Article first published as Blu-ray Review: Halo 4: Forward Unto Dawn on Blogcritics.
Halo 4: Forward Unto Dawn was originally created as a live-action web series set in the Halo universe. The $10 million series was Microsoft’s largest-ever investment in a live action promotion and was created entirely for the promotion of the recently released Halo 4. Though, the game probably didn’t need the extra promotion, with a new studio at the helm of their flagship console property, Microsoft isn’t a company known for taking chances. Written by Aaron and Todd Helbing, Forward Unto Dawn was directed by Los Angeles native and U.S.C. grad Stewart Hendler. Besides commercial work, Hendler is probably best known for the 2009 slasher flick, Sorority Row.
Microsoft announced in the spring of 2012, that the web series would play on the Machinima Prime and Halo Waypoint websites leading up to the release of Halo 4. The series debuted in October and contained five 15 minute shorts. A 90-minute extended version of the digital series was included with the Limited Edition version of the Halo 4 game and is now available in High Definition on Blu-ray. Strangely, Japanese publisher Capcom used a similar tactic in creating a CGI animated Resident Evil film to setup their Resident Evil 6 release. At least in this reviewer’s opinion, Microsoft’s Halo effort is much more successful.
The majority of Forward Unto Dawn is set at a United Nations Space Command military academy, though there are a few scenes set in space. The story mainly follows a group of cadets training to be the next generation of military leaders in the UNSC’s ongoing war with insurrectionists in the outer colonial planets. With a few outtakes, the movie introduces viewers to a squad of cadets and their squad leaders, with all but one deeply committed to the military cause. The lone standout cadet with serious reservations is Thomas Lasky. Those that have already played the campaign in Halo 4 will undoubtedly recognize the name.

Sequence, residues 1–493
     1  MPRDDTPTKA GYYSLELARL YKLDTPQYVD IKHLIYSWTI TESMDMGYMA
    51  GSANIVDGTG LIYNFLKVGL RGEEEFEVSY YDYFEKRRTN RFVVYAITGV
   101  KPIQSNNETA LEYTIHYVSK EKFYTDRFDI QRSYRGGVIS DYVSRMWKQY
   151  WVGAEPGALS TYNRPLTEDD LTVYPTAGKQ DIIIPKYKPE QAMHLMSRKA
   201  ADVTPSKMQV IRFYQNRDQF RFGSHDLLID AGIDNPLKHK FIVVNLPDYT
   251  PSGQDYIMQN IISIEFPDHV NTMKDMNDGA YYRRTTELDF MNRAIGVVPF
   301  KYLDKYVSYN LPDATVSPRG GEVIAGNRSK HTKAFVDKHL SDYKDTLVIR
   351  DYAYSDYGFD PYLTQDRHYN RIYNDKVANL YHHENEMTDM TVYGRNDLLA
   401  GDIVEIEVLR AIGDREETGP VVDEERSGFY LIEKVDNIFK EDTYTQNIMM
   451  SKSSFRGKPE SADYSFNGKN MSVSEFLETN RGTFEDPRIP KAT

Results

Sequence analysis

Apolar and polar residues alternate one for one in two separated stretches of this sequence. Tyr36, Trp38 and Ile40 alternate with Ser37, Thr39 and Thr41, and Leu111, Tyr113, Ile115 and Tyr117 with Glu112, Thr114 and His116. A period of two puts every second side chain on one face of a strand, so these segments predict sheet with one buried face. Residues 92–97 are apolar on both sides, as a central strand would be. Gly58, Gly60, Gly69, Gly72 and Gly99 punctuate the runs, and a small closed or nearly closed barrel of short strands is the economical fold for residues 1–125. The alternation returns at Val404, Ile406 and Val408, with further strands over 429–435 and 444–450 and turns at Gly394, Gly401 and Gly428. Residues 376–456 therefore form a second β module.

Throughout the film Lasky struggles with his doubts about war, the loss his family has already endured and with the burden of expectations imposed upon him. This could have easily been a formulaic cop-out but, the evolution of Lasky’s maturity is surprisingly believable. It is his personal story and the authentic friendship his squad shares that is what makes Forward Unto Dawn successful. Don’t worry, the iconic Master Chief and Cortana share and steal enough screen time from the relatively unkown cast that, there is no doubt it is a Halo movie.
Forward Unto Dawn looks to be a digital direct transfer at 1080p with the CG effects melding seamlessly into the live action. The movie which features outtakes at the conclusion is presented in a 2.35:1 widescreen aspect ratio. There is only English audio offered with subtitles in 5.1 DTS-HD master audio with director and developer’s commentary and an optional isolated musical score. The DVD release replaces the audio with the more compressed Dolby Digital. A series of short vignettes are also included that flesh out the background a little better and Red Vs Blue mock PSA are the most notable of a good number of extras on the blu-ray disc.
Forward Unto Dawn is probably most comparable to the recent iteration of Battlestar Gallactica and the shorter lived Caprica series. The quality of the cinematography and special effects are surprisingly better than what you might expect from a web series. The look isn’t the only similarity though. Like the afore mentioned television series, Forward Unto Dawn borrows heavily from ancient Roman themes and though religion isn’t explored in the film, the militaristic society conveys parallels. At the academy, honor is refreshingly more of a big picture concept that what is told in most military stories and that helps make Forward Unto Dawn a notable piece of science fiction unto itself.
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